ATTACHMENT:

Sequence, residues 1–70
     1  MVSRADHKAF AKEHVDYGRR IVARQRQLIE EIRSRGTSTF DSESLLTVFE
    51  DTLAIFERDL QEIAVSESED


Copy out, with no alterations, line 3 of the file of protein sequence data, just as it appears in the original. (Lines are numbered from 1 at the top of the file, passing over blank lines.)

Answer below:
    51  DTLAIFERDL QEIAVSESED